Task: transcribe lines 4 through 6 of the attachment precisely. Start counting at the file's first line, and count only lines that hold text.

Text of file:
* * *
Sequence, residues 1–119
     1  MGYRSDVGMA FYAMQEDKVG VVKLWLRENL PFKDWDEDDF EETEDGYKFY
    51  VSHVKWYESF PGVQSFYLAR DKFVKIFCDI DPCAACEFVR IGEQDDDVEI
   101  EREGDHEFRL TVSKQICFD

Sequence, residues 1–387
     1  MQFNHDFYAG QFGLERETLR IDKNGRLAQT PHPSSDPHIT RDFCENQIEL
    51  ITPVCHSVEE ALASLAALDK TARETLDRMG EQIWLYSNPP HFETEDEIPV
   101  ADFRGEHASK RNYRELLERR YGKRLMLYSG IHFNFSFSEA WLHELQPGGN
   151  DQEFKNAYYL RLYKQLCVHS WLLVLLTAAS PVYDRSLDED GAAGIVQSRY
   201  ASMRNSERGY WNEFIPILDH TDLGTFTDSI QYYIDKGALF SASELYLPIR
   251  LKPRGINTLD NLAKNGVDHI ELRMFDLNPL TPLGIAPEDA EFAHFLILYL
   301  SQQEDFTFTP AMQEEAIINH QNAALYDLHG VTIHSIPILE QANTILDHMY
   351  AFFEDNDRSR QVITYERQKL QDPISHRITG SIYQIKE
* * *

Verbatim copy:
   101  EREGDHEFRL TVSKQICFD

Sequence, residues 1–387
     1  MQFNHDFYAG QFGLERETLR IDKNGRLAQT PHPSSDPHIT RDFCENQIEL